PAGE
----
SRU student helps document fossil data at Carnegie Museum of Natural History


Schiappa and student studying fossils

Tamra Schiappa, Slippery Rock University associate professor of geography, geology and the environment, shows Katie Schlea, a junior environmental geoscience and physics major from Stow, Ohio, a fossil in SRU’s geology lab. Schlea is conducting research this summer at the Carnegie Museum of Natural History in Pittsburgh.

June 21, 2017

SLIPPERY ROCK, Pa. - Slippery Rock University student Katie Schlea, a junior environmental geoscience and physics major from Stow, Ohio, says the Carnegie Museum of Natural History in Pittsburgh is "one of the coolest places to visit." Having only made two previous visits, both in the last year, Schlea is now conducting behind-the-scenes research at the museum that will make future visits for others even cooler.

Funded by a $725 Summer Undergraduate Research Experience grant, Schlea is studying the fossil Lagerstatten, a collection of a rare, well-preserved fossil assemblages maintained at the Carnegie Museum. Schlea will analyze thousands of fossil samples and plot them on a paleogeographic map that the museum will use for its exhibits.

Although the assemblages of Lagerstatten, a German word that means "a place of storage," have been kept at the museum since the early 1900s, the fossil data available to the public is not modern. The Lagerstatten consists of 12 different assemblages taken from varying places around the world. The fossils are exclusively from invertebrates, such as coral, mollusks and trilobites.

Tamra Schiappa


"Museums are starting to become a lot more interactive," said Tamra Schiappa, SRU associate professor of geography, geology and the environment. "They're trying to educate the public on the importance of these fossils and what these fossils can actually tell us instead of having just a very static display."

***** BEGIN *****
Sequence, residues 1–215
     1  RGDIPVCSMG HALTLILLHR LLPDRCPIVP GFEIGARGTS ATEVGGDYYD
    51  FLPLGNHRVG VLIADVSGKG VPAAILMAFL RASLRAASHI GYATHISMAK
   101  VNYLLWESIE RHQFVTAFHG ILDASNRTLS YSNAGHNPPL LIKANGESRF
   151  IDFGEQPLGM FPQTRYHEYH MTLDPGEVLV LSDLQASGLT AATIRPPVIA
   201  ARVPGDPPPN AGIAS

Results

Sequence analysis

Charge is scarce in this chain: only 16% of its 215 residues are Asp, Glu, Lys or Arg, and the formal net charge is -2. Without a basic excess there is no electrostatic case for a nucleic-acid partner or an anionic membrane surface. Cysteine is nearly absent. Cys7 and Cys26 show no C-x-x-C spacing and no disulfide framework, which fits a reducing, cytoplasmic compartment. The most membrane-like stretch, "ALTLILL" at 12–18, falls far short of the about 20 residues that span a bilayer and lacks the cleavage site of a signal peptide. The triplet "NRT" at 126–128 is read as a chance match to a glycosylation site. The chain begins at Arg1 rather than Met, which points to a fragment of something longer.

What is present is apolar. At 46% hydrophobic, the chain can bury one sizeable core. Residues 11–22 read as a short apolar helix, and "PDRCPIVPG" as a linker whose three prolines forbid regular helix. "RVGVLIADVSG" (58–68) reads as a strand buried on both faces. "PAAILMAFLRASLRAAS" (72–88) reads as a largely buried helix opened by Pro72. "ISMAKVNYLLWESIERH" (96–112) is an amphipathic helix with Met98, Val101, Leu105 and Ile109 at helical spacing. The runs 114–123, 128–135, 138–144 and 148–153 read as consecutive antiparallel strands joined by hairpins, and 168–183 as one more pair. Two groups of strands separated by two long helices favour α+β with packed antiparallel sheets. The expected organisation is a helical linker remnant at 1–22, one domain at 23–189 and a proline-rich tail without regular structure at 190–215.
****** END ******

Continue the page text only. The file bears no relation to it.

That's where Schlea comes in.

As many as three days per week during the summer, she will photograph samples, identify their age and other characteristics and provide the museum with information about where they were deposited compared to where they were unearthed. For example, a fossil dug up in Kansas might have been from a water basin that existed 500 million years ago when the shapes of the continents were very different than they are today.

"It helps us understand the different ecosystems in which they lived, the climate and the habitats," said Schlea, who analyzes approximately 100 fossils per day from more than 6,000 samples that range from 62 to 540 million years old.

"A project such as this helps us understand the evolution of life over time," Schiappa said. "We have these perfect glimpses that allow us to answer questions, like 'What was climate like?', 'Was it warm or cold?' The research questions are endless, so (Katie's) just getting started."

Once her research concludes, Schlea could potentially present her research at the Pittsburgh Geological Society's Student Night and the Slippery Rock University Research Symposium in the spring. Schiappa is the vice president on the PGS board of directors and Albert Kollar, the Carnegie Museum's collection manager, is a former president. Together they helped connect Schlea to the research opportunity, which is something that she isn't taking for granted.

"This is the coolest thing I've ever done in my life," Schlea said. "The first day Dr. Schiappa took me back (in the research lab at the museum) I was just amazed. I admit, I geeked out a little."

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